Former British prime minister Tony Blair delivers a keynote speech at a pro-Europe event in London, Britain, on Friday. Picture: REUTERS/TOBY MELVILLE
Former British prime minister Tony Blair delivers a keynote speech at a pro-Europe event in London, Britain, on Friday. Picture: REUTERS/TOBY MELVILLE

Brussels — Former prime minister Tony Blair wants fellow Britons to "rise up" and block or soften Brexit, but it may be out of their hands. Many Europeans want them to get on and get out.

After the June referendum vote to quit the EU, stunned European leaders insisted Britons were welcome to change their minds. That may have encouraged those like Blair, who last week challenged Prime Minister Theresa May’s plan to launch the process in March and exit in two years, whatever the EU offers.

Yet whatever their hopes of legal obstacles or of an electoral backlash, the mood across the rest of the bloc has shifted away. While officially the door remains open to Britain to stay, many on the continent would not welcome a U-turn now.

"This bus has left," said one senior EU diplomat.

"No one is happy about it. But we have moved on and the last thing anyone wants now is to reopen the whole issue."

To be sure, with close-fought elections in core EU members France and Germany in 2017 and populist movements shaking up politics across the region, few would want to predict with any confidence the final outcome of the Brexit process.

Yet that view is shared by diplomats from a range of the other 27 EU states and by some EU officials: "It’s going to happen," one of the latter said. "It’s bureaucratically embedded."

Even among allies with most to lose from Brexit, there is little talk of a reprieve. "We have to accept the decision that Brexit will happen," Irish Europe Minister Dara Murphy told a Dublin forum where many voiced fears for Ireland’s economy.

From the European Commission, whose Michel Barnier will negotiate Brexit for the EU, some also detect a harder tone, warning against those in Britain who want to pull back from a hard Brexit, or the clean break with the EU market that May spelled out in January.

"‘I’m a bit in, I’m a bit out, maybe tomorrow I’ll be back’ — this isn’t on," European Commission president Jean-Claude Juncker chided last week. "You’re either in or you’re out."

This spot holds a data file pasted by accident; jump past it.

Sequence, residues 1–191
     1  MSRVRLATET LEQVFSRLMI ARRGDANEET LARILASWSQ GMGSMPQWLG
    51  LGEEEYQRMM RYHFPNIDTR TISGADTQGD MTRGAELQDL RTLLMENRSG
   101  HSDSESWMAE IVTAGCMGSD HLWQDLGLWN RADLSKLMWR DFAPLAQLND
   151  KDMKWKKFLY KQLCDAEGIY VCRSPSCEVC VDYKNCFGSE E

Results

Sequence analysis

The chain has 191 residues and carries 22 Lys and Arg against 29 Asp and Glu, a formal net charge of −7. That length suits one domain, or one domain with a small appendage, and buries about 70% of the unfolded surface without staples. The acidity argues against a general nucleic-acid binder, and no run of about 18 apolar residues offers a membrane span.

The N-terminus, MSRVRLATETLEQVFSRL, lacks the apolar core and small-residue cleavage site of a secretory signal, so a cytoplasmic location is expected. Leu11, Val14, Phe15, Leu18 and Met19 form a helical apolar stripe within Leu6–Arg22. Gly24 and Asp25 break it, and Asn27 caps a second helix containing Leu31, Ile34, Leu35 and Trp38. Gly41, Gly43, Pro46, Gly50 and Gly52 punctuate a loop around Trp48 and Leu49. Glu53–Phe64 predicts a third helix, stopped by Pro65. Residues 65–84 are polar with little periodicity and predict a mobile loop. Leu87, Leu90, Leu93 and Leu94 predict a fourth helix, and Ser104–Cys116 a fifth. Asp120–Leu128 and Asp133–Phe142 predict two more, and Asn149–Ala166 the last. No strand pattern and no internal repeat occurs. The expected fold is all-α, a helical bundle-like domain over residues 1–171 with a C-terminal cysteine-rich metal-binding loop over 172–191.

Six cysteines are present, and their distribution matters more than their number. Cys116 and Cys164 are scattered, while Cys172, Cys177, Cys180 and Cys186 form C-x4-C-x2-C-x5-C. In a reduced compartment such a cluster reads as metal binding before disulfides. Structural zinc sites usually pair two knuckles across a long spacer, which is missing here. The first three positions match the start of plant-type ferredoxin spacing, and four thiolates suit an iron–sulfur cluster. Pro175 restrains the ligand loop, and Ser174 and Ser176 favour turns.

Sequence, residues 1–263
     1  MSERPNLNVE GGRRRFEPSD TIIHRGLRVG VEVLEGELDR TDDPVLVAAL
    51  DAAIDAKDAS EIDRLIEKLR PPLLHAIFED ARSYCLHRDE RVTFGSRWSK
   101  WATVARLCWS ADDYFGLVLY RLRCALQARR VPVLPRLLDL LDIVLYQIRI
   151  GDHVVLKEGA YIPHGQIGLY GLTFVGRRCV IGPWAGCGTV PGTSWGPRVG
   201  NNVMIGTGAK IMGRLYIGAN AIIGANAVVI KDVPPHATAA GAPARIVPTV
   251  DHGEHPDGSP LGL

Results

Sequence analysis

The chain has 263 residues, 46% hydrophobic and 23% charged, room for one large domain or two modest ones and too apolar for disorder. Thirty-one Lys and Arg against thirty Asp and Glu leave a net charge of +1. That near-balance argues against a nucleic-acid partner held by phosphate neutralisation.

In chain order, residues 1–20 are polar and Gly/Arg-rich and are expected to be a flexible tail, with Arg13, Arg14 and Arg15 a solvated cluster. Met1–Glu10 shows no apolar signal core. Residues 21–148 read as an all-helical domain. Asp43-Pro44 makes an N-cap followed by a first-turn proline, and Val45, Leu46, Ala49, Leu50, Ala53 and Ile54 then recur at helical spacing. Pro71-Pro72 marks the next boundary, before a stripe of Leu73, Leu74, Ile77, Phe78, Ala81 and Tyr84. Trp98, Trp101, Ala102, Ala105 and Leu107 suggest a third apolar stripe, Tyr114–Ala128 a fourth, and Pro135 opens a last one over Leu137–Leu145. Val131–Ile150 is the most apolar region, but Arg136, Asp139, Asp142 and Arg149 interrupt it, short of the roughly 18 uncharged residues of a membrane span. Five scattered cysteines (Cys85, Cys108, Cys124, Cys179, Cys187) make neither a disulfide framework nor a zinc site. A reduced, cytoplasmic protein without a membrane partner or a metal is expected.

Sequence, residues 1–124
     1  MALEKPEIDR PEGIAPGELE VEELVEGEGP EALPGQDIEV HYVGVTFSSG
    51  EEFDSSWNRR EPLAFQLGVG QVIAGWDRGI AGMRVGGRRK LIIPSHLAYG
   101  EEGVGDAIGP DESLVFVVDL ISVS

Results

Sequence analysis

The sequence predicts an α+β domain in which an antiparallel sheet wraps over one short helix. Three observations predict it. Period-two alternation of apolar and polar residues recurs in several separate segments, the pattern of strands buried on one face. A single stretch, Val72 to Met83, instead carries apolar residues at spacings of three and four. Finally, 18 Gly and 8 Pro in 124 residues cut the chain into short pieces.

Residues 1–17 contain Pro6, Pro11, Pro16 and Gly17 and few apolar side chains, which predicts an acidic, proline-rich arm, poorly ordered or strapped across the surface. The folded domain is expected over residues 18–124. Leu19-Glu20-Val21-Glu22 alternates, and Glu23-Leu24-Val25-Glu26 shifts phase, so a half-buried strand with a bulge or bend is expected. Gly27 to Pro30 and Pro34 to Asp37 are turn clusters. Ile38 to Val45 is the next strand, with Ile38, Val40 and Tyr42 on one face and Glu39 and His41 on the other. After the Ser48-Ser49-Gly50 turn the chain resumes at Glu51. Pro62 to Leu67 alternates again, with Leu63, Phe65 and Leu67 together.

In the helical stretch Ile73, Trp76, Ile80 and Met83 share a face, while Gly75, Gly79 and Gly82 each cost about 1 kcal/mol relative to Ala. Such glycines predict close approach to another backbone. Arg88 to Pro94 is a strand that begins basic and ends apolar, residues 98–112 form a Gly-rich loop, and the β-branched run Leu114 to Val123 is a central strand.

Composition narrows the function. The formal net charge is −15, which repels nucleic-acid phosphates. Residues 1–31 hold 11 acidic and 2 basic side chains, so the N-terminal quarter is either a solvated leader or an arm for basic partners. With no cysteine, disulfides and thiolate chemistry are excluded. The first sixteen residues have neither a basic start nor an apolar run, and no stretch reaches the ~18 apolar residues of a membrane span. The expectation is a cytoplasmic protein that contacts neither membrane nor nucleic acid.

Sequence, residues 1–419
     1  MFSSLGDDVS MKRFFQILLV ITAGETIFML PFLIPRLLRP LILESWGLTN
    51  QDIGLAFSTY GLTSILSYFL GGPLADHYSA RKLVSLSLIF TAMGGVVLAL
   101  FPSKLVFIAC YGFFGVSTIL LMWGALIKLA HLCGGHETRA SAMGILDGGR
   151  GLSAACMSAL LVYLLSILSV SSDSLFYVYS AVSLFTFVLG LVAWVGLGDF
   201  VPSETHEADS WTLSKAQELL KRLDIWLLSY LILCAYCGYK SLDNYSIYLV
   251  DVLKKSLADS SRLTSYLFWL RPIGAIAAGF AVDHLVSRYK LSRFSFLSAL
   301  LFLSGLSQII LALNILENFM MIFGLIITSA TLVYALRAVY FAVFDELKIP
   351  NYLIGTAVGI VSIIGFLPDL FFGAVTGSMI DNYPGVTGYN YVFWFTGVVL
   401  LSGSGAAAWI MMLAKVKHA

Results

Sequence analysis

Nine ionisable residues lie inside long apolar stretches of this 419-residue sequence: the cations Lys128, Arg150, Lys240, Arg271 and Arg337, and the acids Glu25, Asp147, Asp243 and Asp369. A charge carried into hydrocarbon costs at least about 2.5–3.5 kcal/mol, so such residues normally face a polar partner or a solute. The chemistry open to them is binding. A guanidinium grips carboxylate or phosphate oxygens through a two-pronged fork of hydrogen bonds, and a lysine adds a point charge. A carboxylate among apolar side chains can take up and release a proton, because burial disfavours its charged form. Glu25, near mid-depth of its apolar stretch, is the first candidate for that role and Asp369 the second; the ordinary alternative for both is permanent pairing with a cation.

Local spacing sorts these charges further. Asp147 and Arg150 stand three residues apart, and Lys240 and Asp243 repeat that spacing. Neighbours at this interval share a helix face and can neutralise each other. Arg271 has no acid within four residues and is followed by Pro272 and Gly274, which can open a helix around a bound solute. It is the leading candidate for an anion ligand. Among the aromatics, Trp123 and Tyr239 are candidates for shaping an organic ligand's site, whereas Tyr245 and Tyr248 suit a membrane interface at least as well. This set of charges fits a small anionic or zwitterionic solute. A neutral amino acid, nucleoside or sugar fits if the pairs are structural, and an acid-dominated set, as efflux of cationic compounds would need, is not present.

Giles Merritt, chairman of Brussels think-tank Friends of Europe, said: "The mood in Brussels … has hardened really over the last few weeks."

No Turning Back?

Some still talk of hope. "Despite the hard rhetoric and threats by the British government … the
EU remains a project of mending," said German legislator Terry Reintke, who speaks on Brexit for the Greens in the European Parliament.

"If the UK was to decide to stay a member of the EU, the Greens will fight against closing the door."

But Germany, France and other big powers worry that being soft on London could lead to a further unravelling.

So even if May were to seek a soft Brexit — under which it would notably retain full access to the EU’s single market in return for accepting its rules — many have lost patience with a Britain that has long secured special favours.

Merritt said: "Tempers are now so frayed, it would require a huge volte-face from Downing Street for them to be able to accept that without a massive loss of face."

Once May formally notifies the EU in March of Britain’s intent to withdraw under article 50 of the EU treaty, turning back would run into a political and legal minefield.

May argues her letter will be legally irrevocable. Many EU officials believe the process could be halted as long as most, or perhaps all, the other 27 states agreed to that. But the political will to do that now seems to be in question.

In October, Donald Tusk, the former Polish prime minister who chairs the Council of EU national leaders, told Britons that a U-turn would be legal and, crucially, that the 27 would welcome it. But, he warned them, soft Brexit was not an option — the choice for London would be "hard Brexit or no Brexit".

And there seems little willingness to offer favours of the kind that might help British voters change their minds.

May’s predecessor, David Cameron, got a deal he hoped would win him the referendum by letting Britain curb EU immigration. Now, not only is that off the table but some might use a Brexit U-turn to push London to give up other privileges, such as its roughly 50% rebate on EU dues, if it wanted to remain.

One long-time senior EU official said few would ultimately want to snub Britain if it had a change of heart. "But the EU could want to impose some conditions, limiting the special status it has enjoyed."


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